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The Italian University Habilitation and the Challenge of Increasing the Representation of Women in Academia


  • Marco Pautasso

    () (Forest Pathology and Dendrology, Institute of Integrative Biology, ETH Zurich 8092, Switzerland
    Animal and Plant Health Unit, European Food Safety Authority (EFSA), Parma 43126, Italy)


Increasing the representation of women in academia is a priority challenge in higher education policy. This study uses data from the Italian University habilitation competition in 2012 to test whether this national, standardized and quantitative assessment of researchers contributed to improving the situation. The proportion of female applications (on the whole about 36%) was in many fields higher than the reported proportion of female University professors (27%, 2010), but lower than the proportion of female researchers (2010) in Italy (45% and 51% for researchers with and without a permanent position, respectively). There was still a gap between the proportion of female applications at the associate (on average 39%) and full professor level (29%). A similar gap was also present between scientific disciplines and the humanities. Average success rates of female applications (41.2%) were on the whole lower than those of male applications (43.9%), but in most fields these differences were not significant. Overall, it is generally much lower proportion of female applications rather than their lower success rate that perpetuates the low proportion of female academics in Italy. More effort is needed to support female researchers in choosing and pursuing an academic career.

Suggested Citation

  • Marco Pautasso, 2015. "The Italian University Habilitation and the Challenge of Increasing the Representation of Women in Academia," Challenges, MDPI, Open Access Journal, vol. 6(1), pages 1-16, March.
  • Handle: RePEc:gam:jchals:v:6:y:2015:i:1:p:26-41:d:46636

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    References listed on IDEAS

    1. Francesco Lissoni & Jacques Mairesse & Fabio Montobbio & Michele Pezzoni, 2011. "Scientific productivity and academic promotion: a study on French and Italian physicists," Industrial and Corporate Change, Oxford University Press, vol. 20(1), pages 253-294, February.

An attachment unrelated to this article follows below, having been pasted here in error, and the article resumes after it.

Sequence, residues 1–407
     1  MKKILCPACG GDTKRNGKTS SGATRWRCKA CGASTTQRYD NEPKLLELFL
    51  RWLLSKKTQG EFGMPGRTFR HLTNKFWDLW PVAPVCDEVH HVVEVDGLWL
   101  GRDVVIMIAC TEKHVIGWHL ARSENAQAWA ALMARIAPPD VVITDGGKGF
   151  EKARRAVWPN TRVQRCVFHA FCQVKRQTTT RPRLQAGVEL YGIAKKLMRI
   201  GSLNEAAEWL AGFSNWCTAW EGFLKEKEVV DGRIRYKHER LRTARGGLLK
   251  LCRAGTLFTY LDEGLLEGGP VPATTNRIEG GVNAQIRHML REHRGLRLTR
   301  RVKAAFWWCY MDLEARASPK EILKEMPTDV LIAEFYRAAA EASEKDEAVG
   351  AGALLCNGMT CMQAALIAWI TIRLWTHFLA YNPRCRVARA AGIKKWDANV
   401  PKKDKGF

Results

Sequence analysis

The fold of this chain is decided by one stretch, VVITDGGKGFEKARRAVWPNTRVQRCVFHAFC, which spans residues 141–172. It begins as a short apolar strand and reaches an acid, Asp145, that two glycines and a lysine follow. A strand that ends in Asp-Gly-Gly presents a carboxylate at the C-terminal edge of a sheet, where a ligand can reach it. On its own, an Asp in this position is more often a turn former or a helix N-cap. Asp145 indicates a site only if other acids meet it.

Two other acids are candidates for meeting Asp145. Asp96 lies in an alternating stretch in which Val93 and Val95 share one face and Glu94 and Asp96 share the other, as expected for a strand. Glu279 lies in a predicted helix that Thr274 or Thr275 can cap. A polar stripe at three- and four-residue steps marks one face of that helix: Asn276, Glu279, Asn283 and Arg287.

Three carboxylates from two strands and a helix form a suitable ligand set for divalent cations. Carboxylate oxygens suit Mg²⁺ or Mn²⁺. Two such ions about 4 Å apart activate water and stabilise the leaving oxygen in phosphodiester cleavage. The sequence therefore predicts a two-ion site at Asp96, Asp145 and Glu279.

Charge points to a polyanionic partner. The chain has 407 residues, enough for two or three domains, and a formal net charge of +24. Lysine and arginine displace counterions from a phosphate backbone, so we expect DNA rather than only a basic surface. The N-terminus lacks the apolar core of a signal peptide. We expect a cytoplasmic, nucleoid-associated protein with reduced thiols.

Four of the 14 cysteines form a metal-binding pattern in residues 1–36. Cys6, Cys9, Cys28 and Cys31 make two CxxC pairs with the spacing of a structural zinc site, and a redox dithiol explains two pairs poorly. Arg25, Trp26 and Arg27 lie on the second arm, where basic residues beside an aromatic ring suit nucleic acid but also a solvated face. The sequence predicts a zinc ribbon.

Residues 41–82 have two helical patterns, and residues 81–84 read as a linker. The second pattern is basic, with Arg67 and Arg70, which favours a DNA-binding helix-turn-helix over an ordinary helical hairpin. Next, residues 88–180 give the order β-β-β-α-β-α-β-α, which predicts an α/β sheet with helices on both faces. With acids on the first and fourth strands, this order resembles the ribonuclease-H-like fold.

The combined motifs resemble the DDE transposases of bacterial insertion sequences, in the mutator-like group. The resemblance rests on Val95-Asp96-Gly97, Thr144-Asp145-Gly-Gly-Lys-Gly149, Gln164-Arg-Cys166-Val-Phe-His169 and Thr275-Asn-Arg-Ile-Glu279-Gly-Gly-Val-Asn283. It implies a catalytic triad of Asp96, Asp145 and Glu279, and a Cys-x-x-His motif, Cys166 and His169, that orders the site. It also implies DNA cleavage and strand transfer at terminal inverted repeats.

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    6. Maria De Paola & Vincenzo Scoppa, 2011. "Gender Discrimination and Evaluators’ Gender: Evidence from the Italian Academy," Working Papers 201106, Università della Calabria, Dipartimento di Economia, Statistica e Finanza "Giovanni Anania" - DESF.
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    Cited by:

    1. Zacchia, Giulia, 2016. "Segregation or homologation? Gender differences in recent Italian economic thought," MPRA Paper 72279, University Library of Munich, Germany.
    2. Giovanni Abramo & Ciriaco D’Angelo, 2015. "An assessment of the first “scientific habilitation” for university appointments in Italy," Economia Politica: Journal of Analytical and Institutional Economics, Springer;Fondazione Edison, vol. 32(3), pages 329-357, December.
    3. Marzolla, Moreno, 2016. "Assessing evaluation procedures for individual researchers: The case of the Italian National Scientific Qualification," Journal of Informetrics, Elsevier, vol. 10(2), pages 408-438.

    More about this item


    academic researchers; career progress; equal opportunities; gender equality; higher education; Italy; research policy; tenure; Universities; women in science;

    JEL classification:

    • A00 - General Economics and Teaching - - General - - - General
    • C00 - Mathematical and Quantitative Methods - - General - - - General
    • Z00 - Other Special Topics - - General - - - General


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